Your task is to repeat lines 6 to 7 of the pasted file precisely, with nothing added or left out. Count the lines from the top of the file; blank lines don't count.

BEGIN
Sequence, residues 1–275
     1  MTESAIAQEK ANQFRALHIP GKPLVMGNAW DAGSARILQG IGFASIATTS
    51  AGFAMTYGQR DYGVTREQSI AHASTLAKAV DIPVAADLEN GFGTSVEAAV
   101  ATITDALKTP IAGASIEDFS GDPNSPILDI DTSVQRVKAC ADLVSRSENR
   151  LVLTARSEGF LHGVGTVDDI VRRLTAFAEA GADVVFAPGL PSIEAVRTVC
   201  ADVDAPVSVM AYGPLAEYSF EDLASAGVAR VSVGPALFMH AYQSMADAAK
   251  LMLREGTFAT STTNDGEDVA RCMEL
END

   201  ADVDAPVSVM AYGPLAEYSF EDLASAGVAR VSVGPALFMH AYQSMADAAK
   251  LMLREGTFAT STTNDGEDVA RCMEL